— The Essentials of Spirituality • Felix Adler

... pity to give worthy men unnecessary trouble, most glorious Sultan," said Abdi Pasha bitterly. "I am able to tell you what the rebels want, for I have seen it all written up on the walls. They demand the delivery of four of the great officers of state—myself, ...
— Halil the Pedlar - A Tale of Old Stambul • Mr Jkai

... white and black and Indians, sat talking they related how they had been warned of approaching trouble. Jack said the dogs had been howling around the place for many nights and that always presaged a death in the family. Jack had been compelled to take off his shoes and turn them soles up near the hearth to prevent the howling ...
— Slave Narratives: A Folk History of Slavery in the United States - From Interviews with Former Slaves: Indiana Narratives • Works Projects Administration

... pair at the time, and they told me absurd and various tales about dark figures wandering along the corridors and bending over them in bed at night, whispering; but their chief trouble was a continuous ringing of bells about ...
— The Devil Doctor • Sax Rohmer

... both that this was a man I could never think of marrying. I don't understand him; he is either very candid or very hypocritical; and I feel it painful, and, besides, unnecessary in me to take the trouble of balancing the character of a person who loses ground in my opinion on every occasion I see him. Of course, I have discarded him, and I know very well that his mother will cast fire and sword between ...
— The Evil Eye; Or, The Black Spector - The Works of William Carleton, Volume One • William Carleton

... got some hard lessons to learn. This trouble is only a small part of the bigger trouble. He wants to get more than he is worth. And all our education, the higher education, is a bad thing." He turned with marked emphasis toward the young doctor. "That's why I wouldn't give a dollar to any begging college—not a dollar to ...
— The Web of Life • Robert Herrick

... up?" said Mary, with a laugh; "not quite. Kitty, for goodness' sake, don't allow Florence's words to trouble you. You have got to fight with all your might and main. You will fight honorably and so will I, and if you mean to give it up there will be the greater chance for me, but of course ...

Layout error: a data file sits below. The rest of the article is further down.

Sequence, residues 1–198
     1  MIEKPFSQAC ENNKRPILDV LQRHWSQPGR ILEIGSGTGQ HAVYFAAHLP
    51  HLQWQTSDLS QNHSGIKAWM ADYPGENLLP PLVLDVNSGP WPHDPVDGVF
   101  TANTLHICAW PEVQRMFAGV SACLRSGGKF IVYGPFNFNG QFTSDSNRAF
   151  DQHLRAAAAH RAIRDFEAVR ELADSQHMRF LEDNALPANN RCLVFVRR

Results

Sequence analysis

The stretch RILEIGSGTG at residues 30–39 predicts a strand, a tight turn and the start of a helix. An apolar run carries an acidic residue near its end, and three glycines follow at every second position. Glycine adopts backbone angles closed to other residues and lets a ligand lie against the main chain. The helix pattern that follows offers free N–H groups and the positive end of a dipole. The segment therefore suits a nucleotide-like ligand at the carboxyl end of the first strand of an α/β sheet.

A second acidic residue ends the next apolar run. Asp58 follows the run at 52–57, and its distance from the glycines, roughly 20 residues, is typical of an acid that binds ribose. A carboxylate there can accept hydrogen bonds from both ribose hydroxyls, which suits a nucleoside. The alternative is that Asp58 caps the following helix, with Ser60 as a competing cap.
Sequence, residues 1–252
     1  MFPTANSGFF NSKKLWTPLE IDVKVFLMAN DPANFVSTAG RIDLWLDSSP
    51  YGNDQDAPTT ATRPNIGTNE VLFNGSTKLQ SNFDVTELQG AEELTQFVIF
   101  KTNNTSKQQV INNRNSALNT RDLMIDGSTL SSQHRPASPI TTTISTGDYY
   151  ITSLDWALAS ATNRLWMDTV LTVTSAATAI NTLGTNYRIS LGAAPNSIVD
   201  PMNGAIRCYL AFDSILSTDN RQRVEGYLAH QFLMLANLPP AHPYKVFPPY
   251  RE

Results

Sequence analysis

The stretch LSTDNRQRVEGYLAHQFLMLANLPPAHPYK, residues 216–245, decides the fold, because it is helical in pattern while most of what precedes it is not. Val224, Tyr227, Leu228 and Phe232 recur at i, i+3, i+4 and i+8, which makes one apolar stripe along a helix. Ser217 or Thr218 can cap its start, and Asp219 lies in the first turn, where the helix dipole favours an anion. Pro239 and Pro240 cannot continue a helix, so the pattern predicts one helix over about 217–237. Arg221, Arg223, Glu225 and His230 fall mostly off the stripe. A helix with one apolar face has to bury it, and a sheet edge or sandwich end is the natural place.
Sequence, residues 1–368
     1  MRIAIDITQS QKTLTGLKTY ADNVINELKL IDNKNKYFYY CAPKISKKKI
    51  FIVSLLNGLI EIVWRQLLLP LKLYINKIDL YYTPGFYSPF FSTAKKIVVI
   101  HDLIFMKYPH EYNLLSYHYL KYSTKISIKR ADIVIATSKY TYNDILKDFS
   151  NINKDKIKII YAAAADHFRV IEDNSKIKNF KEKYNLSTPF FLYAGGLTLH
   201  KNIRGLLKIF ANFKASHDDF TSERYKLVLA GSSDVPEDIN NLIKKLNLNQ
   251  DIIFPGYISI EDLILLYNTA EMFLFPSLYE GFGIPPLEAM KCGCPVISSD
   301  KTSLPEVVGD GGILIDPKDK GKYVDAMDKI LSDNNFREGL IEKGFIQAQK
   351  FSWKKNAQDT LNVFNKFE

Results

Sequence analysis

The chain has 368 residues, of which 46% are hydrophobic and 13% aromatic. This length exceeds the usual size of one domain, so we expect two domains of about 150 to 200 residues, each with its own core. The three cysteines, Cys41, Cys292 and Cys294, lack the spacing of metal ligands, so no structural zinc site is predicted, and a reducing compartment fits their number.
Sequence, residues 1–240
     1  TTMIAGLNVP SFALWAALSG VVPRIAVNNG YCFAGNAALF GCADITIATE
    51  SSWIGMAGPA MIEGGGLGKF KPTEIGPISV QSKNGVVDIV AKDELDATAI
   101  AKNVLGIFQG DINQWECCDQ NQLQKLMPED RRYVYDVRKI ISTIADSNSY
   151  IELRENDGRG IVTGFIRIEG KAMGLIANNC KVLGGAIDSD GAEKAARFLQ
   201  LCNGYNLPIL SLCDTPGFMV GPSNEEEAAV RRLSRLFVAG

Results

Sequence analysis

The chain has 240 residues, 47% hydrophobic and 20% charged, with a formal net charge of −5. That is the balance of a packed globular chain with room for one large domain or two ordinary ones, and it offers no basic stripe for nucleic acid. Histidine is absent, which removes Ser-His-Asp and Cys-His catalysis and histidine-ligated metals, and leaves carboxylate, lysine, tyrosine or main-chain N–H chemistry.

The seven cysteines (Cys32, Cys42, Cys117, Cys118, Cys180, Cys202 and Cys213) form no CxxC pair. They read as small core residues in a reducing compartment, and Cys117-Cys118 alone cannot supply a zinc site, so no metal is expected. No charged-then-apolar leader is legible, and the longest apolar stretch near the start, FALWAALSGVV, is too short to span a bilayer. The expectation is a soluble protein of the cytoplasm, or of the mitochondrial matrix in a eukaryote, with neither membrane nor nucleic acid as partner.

— A Bunch of Cherries - A Story of Cherry Court School • L. T. Meade

... been,” said the man gruffly; “but that’s where the trouble comes in. He brought a lot of queer fellows here under contract to work for him, Italians, or Greeks, or some sort of foreigners. They built the wall, and he had them at work inside for half a year. ...
— The House of a Thousand Candles • Meredith Nicholson

... contented. Having no children, they like to regard me and the Prussian sculptor, my neighbor, as such; yet are too delicate and too busy ever to intrude. In the attic dwells a priest, who insists on making my fire when Antonia is away. To be sure, he pays himself for his trouble by asking a ...
— At Home And Abroad - Or, Things And Thoughts In America and Europe • Margaret Fuller Ossoli

... being examined, and punished as enemies, to the example of others. The Captaine being a friend vnto the English men, by reason that one of them which had bene there before, had giuen him certaine presents, would not be perswaded to trouble them, but shipped them with all their wares in a shippe that was to saile for Goa, and sent them to the Viceroy, that he might examine and trie them, as he thought good: where when they were arriued, they were cast into prison, and first examined whether ...
— The Principal Navigations, Voyages, Traffiques, - and Discoveries of The English Nation, Volume 10 - Asia, Part III • Richard Hakluyt

... launching of the airship. Then, making a graceful sweep back again, Frank allowed the aeroplane to drop lightly to the ground. It landed in almost the center of the field, and both boys saw that they might get away again without a great amount of trouble. ...
— The Aeroplane Boys Flight - A Hydroplane Roundup • John Luther Langworthy